- No. 8 Quinnipiac men’s ice hockey falls to No. 1 UMass 3-1, head into break with a 14-3-0 record
- Quinnipiac men’s basketball moves to .500 with win over Lafayette
- No. 8 Quinnipiac men’s ice hockey upsets No. 1 UMass, 4-0
- Cramped cramming
- Dr. Bethany Zemba appointed as vice president and chief of staff
- Pro-life feminism: a candid conversation
- Phi Gamma Delta fundraises money for victims of California wildfires
- Former Quinnipiac President John Lahey awarded for service to Ireland
- Triumph out of tragedy
- MEMEingful past
BSU calls for creativity at cARTnival
The Black Student Union sponsored cARTnival, an art-themed carnival, in Complex Courtyard this past Friday. Students created their own masterpieces and put them on display around the courtyard. The free “make your own art stations” were popular among students, allowing them to express their creativity with spray paint and stencils.
The event was composed of multiple events and performances. Kayla Green and other students took the stage, presenting famous and originally-composed poetry. Step to Perfection performed one of their original routines for the crowd. Finally, a Quinnipiac art professor taught a hands-on art tutorial free for all students.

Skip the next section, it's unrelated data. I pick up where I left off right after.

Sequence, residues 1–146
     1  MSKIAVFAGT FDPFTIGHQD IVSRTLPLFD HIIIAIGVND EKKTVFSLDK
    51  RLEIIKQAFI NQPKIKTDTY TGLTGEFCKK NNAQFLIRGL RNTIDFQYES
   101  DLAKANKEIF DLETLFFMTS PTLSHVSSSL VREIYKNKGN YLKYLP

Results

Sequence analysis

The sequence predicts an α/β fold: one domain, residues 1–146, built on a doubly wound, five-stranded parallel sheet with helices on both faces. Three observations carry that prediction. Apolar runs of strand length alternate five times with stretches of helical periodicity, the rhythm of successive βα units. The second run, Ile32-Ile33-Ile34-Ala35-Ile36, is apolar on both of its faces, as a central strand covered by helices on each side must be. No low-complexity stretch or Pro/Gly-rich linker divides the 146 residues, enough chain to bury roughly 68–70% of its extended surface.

“It took a lot of planning and creativity to put this event together,” BSU President Crystal Cook said. “We decided we wanted to focus on art appreciation, and we paired up with some of the art professors at Quinnipiac and decided to go with pop art [for the theme].”
Inside the Perlroth residence hall, BSU members sold popcorn, cotton candy, snow cones, cupcakes and other treats as part of a fundraiser. All the money earned will be donated to P.L.A.C.E. Multicultural Children’s Museum and Creative Arts Center in Hamden.
BSU had a prior relationship with P.L.A.C.E. through volunteering events, so it was only natural they chose the art center to receive their donations, Cook said.
“Donations such as these go towards operating support at the center,” P.L.A.C.E representative Nicki Chavoya said. “We have multicultural classes and workshops for kids, so the money will go towards paying our teachers and handling our studio costs.”
The center is not open yet–it will open in about 18 months. It will be the first children’s museum in Connecticut dedicated to multicultural studies, Chavoya said.
Photo credit: Alessia Tranfaglia